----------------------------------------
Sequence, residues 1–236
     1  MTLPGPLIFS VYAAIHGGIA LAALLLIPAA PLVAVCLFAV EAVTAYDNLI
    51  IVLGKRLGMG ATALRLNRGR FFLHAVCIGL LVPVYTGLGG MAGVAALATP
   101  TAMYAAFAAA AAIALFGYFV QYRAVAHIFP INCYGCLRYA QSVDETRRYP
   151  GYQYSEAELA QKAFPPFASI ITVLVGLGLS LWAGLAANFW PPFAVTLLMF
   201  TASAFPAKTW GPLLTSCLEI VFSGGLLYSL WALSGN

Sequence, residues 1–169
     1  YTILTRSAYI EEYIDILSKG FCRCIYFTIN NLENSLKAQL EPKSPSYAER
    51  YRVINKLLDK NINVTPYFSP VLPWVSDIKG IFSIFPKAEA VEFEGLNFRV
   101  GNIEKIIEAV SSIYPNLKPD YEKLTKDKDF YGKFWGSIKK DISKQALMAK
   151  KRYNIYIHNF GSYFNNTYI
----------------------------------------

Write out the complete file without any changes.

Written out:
Sequence, residues 1–236
     1  MTLPGPLIFS VYAAIHGGIA LAALLLIPAA PLVAVCLFAV EAVTAYDNLI
    51  IVLGKRLGMG ATALRLNRGR FFLHAVCIGL LVPVYTGLGG MAGVAALATP
   101  TAMYAAFAAA AAIALFGYFV QYRAVAHIFP INCYGCLRYA QSVDETRRYP
   151  GYQYSEAELA QKAFPPFASI ITVLVGLGLS LWAGLAANFW PPFAVTLLMF
   201  TASAFPAKTW GPLLTSCLEI VFSGGLLYSL WALSGN

Sequence, residues 1–169
     1  YTILTRSAYI EEYIDILSKG FCRCIYFTIN NLENSLKAQL EPKSPSYAER
    51  YRVINKLLDK NINVTPYFSP VLPWVSDIKG IFSIFPKAEA VEFEGLNFRV
   101  GNIEKIIEAV SSIYPNLKPD YEKLTKDKDF YGKFWGSIKK DISKQALMAK
   151  KRYNIYIHNF GSYFNNTYI